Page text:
How To Find the Safest Organic Infant Formula

I am honored to share this guest post by Charlotte Vallaeys, former of Director of Farm and Food Policy at the Cornucopia Institute  and now a Senior Analyst within the Consumer Safety and Sustainability Program at Consumers Union. This is the truth about organic infant formulas that currently exist on the market today and something that needs to be read by every mother-to-be, mothers and fathers everywhere. Unfortunately, choosing an infant formula that is organic is not enough – you must look deeper and understand the ingredients manufacturers are using in their products. Charlotte shares the exact ingredients you need to look out for and how to find the safest organic infant formula available. She holds Masters degrees from Harvard University and Tufts University’s Friedman School of Nutrition. 

Some of my favorite memories of my sons as babies (which was not that long ago—they are 2 and 4 years old) involve breastfeeding.  It is a truly magical and priceless bonding experience.  And for someone who loves good, “real” food as much as I do, there could be nothing more satisfying and empowering than that tingling feeling that accompanies the milk ducts springing into action to produce fresh milk, full of just the right mix of enzymes, nutrients, antibodies, hormones, and other beneficial components that have yet to be discovered—the product of millions of years of evolution, specially made for my baby to ensure he’ll grow and thrive.

But we also faced many obstacles along the way.  The challenges started in the hospital with my firstborn and continued up to the moment my lastborn sipped his last drop of human milk.

My oldest, Liam, would not latch on at first.  I had expected breastfeeding to be easy—it was, after all, so “natural”—but there I was, a brand new mom with an hours-old baby, struggling to get my newborn to latch on.  Those first hours of motherhood ushered in the realization that, in parenthood, not everything will go as planned.

After involving many contraptions, including a hospital-grade breast pump, specialized bottles, and a silicone “nipple shield,” and many different nurses’ and lactation consultants’ advice (not to mention a lot of maternal determination), we finally—after a couple of days—made it work.

When Liam was 9 weeks old, I discovered blood in his diaper and disregarded our pediatrician’s advice to switch from breastfeeding to hypoallergenic formula (she claimed he was allergic to milk, including his mother’s milk).  Instead, I continued breastfeeding but cut all dairy and soy out of my diet until Liam’s first birthday.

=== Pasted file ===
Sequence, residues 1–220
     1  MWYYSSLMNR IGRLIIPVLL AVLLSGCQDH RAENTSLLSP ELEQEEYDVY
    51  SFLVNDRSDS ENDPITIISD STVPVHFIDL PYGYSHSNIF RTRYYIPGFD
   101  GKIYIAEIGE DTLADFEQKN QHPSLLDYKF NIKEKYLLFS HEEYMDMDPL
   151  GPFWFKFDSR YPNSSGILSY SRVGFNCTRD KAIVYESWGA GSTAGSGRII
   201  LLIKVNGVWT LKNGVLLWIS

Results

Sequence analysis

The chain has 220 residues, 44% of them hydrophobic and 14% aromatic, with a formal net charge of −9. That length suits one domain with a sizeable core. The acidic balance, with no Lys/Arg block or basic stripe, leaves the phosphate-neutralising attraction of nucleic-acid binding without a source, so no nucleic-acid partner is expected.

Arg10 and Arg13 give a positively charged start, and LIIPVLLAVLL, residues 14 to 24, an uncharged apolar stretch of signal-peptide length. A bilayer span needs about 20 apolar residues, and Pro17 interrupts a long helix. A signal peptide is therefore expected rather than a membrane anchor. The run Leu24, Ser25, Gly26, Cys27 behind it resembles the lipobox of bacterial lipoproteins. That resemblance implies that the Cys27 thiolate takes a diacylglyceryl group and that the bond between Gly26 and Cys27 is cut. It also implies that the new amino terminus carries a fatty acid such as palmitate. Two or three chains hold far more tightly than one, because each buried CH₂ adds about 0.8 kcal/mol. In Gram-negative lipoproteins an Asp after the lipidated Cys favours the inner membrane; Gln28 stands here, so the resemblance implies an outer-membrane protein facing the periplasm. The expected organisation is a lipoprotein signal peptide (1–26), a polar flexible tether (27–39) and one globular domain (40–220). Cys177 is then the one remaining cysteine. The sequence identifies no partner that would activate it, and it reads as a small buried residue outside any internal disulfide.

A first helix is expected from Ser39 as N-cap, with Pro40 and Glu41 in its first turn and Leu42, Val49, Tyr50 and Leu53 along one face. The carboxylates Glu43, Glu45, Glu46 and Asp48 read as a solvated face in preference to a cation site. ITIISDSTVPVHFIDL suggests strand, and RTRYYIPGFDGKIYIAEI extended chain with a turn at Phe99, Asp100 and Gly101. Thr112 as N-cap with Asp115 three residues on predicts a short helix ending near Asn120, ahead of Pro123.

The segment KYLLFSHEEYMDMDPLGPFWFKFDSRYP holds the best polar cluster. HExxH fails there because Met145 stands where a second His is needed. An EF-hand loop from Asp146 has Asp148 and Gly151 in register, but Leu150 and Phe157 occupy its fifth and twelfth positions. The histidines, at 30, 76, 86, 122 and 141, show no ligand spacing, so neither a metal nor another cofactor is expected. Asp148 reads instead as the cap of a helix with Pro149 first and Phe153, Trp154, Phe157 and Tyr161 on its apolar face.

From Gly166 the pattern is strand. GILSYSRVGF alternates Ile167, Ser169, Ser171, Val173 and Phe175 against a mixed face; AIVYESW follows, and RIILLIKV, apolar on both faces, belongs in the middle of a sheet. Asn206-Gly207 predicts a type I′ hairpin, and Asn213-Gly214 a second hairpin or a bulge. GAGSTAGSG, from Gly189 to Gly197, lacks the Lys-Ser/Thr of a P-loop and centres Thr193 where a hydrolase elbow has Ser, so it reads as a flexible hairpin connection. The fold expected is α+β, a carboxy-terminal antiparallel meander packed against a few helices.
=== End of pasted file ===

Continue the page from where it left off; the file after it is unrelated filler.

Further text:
Among other challenges, we weathered two bouts of painful mastitis and many days of separation for work-related trips that required a freezer full of pumped milk.

The challenges continued until the very end, and unfortunately, my final memories of breastfeeding are also the most painful.  When he was 9 months, my second son, Kai, decided to wean on his own.  I had heard about “self-weaning,” and until I was faced with an uninterested and stubborn infant, I thought it was just a clever excuse for mothers to switch to more convenient formula feeding.  Again, it was a stark reminder that many things about parenthood are easier said than done, and so much of what happens on this journey is entirely out of our control.

I suppose I was more stubborn than Kai, and he eventually became hungry and thirsty enough that he would feed.  But he responded by reluctantly drinking and then ending the session with a bite.  After a couple of weeks of very tense—and often painful—feeding sessions, I switched to pumping and giving my milk to Kai from a bottle.  I grimaced every time I saw him bite down on that rubber nipple.  Eventually, after a couple more weeks, I produced no more milk, and that bottle needed something in it for the remaining weeks until we could switch to organic whole milk.

All this baby-feeding drama happened while I worked as a researcher and policy analyst with The Cornucopia Institute.  Cornucopia acts as a watchdog for the organic community.  As I carefully read labels in the baby food aisle of my local food store, I couldn’t help but notice numerous violations of the organic standards.  I avoided these baby foods with multiple unapproved synthetic ingredients.  Meanwhile, Cornucopia took a leading role in advocating for the removal of unnecessary or potentially harmful synthetics from organic formula and baby food.

This blog post is for parents, grandparents and others who want more information on organic infant formula.  I’d like to share what I learned both as Policy Director at Cornucopia and as a mom looking for the best food for my own babies.

Without a doubt, human milk and factory-produced infant formula don’t compare, as human milk is far superior in so many respects, including in ways we

will probably never fully comprehend.  We can all agree on that.  But in parenthood, many things don’t go as planned, and for many committed, food-conscious, organic-buying parents, that includes breastfeeding.